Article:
Simon Case would go crazy if he didn’t consider his future
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Good morning. Another change in the civil service? Simon Case is said to be weighing his future as the UK’s top civil servant. Some Think about our scoop in today’s note.
Inside Politics edited by Georgina Quach. Follow Stephen on Twitter @stephenkb and please send rumors, thoughts and feedback to email@example.com
News that Sue Gray would join Keir Starmer’s team spread midway through the Conservatives’ day off. The news spread through MPs gathering “like a wildfire” in the words of one attendee, with MPs spotting it on their phones and notifying nearby colleagues.
It spooked MPs for a number of reasons. The first is that some of them have direct dealings with Sue Gray as cabinet office fixers and secret “disappearances”, and they worry that she will carry those secrets. follow yourself.
letter two, as i wrote on friday, which is for some of Boris Johnson’s allies, it gives them the opportunity to cloud the waters around Johnson’s exit and the importance of reporting on her sides. (For the true story in Gray’s report, Rob Hutton’s Work for the Critics worth reading). But it helped them throw enough mud and enough confusion to blur the real reasons for Johnson’s departure and — they hoped — to facilitate his return as prime minister.
The third is that for others, they saw a respected public servant jump into the opposition, and they concluded that Gray, like many in Westminster, had ruled out the Conservatives’ chance of remaining in office. after the next election. Isaac Levido, the party’s chief strategist, spent much of the day presenting data showing that Labor is weakly ahead and the Conservatives have a viable path to victory. next election.
The fact that senior civil servants think that their own prospects will be better served by leaving the civil service to join the office leadership of the opposition, rightly or wrongly, seems to be evidence against Levido’s faith.
I don’t think that’s entirely true, but enough MPs believe it anyway. It’s also another matter for Simon Case, who was appointed cabinet secretary in September 2020. Controversy over whether Gray behaved properly in disclosing her meetings with Keir. Starmer and her interest in the work can still influence him.
That’s the basis for our scoop from Chris Cook, George Parker, and Jasmine Cameron-Chileshe: The Case That’s It consider exiting the role early.
The case will be crazy Are not to consider your future. He was incredibly lucky to have survived the leadership transition from Boris Johnson to Liz Truss. What saved him was the fact that Truss and Kwasi Kwarteng considered Tom Scholar, the former Permanent Secretary of Finance, to be the more important barrier. The couple thought they couldn’t get both done in one go without causing too many problems.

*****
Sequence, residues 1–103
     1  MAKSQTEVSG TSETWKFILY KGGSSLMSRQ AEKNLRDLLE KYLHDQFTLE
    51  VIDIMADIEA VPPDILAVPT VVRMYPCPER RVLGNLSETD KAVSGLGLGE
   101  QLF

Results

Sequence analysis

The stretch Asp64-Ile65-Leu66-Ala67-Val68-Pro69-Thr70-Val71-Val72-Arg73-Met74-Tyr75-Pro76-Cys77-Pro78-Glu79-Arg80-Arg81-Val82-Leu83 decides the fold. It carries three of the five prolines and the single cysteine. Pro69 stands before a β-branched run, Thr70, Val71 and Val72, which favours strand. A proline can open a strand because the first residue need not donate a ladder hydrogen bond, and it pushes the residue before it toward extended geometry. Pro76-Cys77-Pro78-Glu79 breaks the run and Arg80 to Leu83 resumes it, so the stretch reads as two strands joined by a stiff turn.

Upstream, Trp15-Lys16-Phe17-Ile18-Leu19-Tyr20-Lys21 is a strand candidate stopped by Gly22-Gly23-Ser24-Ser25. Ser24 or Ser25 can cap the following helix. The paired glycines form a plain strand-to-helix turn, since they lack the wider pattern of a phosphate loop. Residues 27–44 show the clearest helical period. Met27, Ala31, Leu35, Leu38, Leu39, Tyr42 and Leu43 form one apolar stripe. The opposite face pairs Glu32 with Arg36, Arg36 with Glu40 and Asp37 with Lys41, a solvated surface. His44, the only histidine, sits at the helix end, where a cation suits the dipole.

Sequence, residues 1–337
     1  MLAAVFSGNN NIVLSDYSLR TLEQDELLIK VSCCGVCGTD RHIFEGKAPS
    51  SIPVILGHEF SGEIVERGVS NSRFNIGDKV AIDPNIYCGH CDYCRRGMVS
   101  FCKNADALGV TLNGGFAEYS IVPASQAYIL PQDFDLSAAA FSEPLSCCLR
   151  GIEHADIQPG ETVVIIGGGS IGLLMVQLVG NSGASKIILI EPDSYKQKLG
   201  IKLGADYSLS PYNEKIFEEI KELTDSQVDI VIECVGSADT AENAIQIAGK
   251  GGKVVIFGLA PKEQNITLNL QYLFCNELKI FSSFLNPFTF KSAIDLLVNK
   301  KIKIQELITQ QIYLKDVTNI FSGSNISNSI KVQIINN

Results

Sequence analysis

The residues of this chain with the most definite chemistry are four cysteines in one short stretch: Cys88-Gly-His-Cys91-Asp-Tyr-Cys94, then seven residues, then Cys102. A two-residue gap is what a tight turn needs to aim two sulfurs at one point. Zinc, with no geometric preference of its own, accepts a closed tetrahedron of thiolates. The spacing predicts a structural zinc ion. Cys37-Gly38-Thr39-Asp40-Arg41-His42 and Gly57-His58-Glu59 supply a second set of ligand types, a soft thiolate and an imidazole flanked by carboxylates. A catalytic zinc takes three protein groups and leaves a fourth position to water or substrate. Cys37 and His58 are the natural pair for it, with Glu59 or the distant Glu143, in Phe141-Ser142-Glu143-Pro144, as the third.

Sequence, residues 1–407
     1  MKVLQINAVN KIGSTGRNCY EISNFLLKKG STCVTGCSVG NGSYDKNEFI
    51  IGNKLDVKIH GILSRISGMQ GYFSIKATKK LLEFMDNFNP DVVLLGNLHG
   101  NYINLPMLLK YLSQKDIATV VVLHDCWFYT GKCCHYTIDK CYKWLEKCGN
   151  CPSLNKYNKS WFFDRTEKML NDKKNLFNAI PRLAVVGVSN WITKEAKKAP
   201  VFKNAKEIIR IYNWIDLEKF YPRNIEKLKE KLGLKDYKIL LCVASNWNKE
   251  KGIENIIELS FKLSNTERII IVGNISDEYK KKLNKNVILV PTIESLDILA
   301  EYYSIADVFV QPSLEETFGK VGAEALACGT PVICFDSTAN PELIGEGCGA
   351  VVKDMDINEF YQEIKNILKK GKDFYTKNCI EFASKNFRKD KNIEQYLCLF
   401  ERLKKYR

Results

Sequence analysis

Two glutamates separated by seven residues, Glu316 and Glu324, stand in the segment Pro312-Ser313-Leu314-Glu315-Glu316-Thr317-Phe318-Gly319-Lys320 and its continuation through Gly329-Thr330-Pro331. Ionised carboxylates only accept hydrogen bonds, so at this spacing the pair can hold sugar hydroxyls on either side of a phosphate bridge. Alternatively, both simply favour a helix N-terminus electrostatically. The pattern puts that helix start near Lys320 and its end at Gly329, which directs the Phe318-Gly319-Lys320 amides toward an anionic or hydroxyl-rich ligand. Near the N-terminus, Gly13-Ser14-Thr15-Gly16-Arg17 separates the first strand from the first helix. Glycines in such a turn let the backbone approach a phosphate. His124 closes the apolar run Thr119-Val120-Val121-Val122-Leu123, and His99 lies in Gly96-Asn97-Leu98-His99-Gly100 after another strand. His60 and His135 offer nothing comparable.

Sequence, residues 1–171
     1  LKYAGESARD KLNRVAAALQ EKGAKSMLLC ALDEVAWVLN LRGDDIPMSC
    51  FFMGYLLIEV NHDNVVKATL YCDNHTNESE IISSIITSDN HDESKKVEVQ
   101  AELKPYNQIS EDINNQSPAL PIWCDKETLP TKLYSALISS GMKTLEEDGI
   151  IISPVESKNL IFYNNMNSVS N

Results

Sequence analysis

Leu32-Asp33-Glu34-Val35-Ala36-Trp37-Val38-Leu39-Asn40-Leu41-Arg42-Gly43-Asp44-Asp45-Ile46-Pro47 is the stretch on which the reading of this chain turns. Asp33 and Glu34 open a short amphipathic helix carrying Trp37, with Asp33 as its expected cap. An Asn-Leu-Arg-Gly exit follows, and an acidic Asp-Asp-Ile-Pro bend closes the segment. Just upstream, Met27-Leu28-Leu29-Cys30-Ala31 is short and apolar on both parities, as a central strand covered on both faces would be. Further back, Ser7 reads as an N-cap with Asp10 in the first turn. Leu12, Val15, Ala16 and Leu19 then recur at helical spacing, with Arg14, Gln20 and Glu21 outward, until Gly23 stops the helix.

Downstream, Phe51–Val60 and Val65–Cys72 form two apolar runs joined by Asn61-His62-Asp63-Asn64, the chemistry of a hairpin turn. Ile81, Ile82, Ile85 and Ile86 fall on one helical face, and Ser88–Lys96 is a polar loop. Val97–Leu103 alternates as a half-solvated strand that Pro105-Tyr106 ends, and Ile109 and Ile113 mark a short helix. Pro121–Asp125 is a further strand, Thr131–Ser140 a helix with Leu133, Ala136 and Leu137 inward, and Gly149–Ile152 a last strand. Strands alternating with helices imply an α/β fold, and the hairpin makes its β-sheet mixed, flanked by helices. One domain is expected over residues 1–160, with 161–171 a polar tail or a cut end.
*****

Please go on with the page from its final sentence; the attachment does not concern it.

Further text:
Now Case faces challenges from both sides. On the one hand, there are nagging questions about Johnson’s Downing Street and the cabinet secretary’s knowledge of internal affairs, at least Johnson’s alleged personal financial ties with the president of the BBC, Richard Sharp. (Sharp has said he asked Sam Blyth, a businessman who approached him to support Johnson, to contact Case.)
On the other hand, the cabinet secretary is heavily cited in the Telegraph’s “Lockdown Records”: leaked WhatsApp messages received and sent by Matt Hancock at the height of the Covid-19 pandemic. He at least seems to emerge as a sidekick to Hancock.
Essentially, everyone in the Conservative Party knows there are three key cabinet figures debating the lockdown: Matt Hancock (for), Michael Gove (for) and Rishi Sunak (against). But what is really new, regarding the internal rhythms of the Tory party, is that Case described some opponents of the Covid-19 restrictions as motivated by “purely Conservative ideology”, and that Johnson is “not trusted by the nation”.
It leaves Case in a predicament: he is raising concerns among those who see him as Johnson’s last retainer, a recalcitrant and ineffective Cabinet secretary who should not have existed. longer than the prime minister appointed him. But he is also facing criticism from skeptics about the Tory right door lock.
Will he go? I do not know. But given the forces he faces within the Conservatives, he would be mad if he didn’t at least consider leaving on his terms.
My column this week is on World Book Day, costumes and the resulting quest for parents.
Now try this
Morning — Here is Georgina: i just read The trees by Percival Everett, a fast-paced satire about racism in the United States that transitions from hilarious comedy to serious horror, as it investigates a pattern of murder that begins in Money, Mississippi.
Also excellent satire of the United States: Righteous Gems, a drama about a quirky family of televangelists in charge of a corrupt super-church. John Goodman gave a genius performance as a world-famous but definitely human patriarch. My partner and I are working (and laughing) during season two.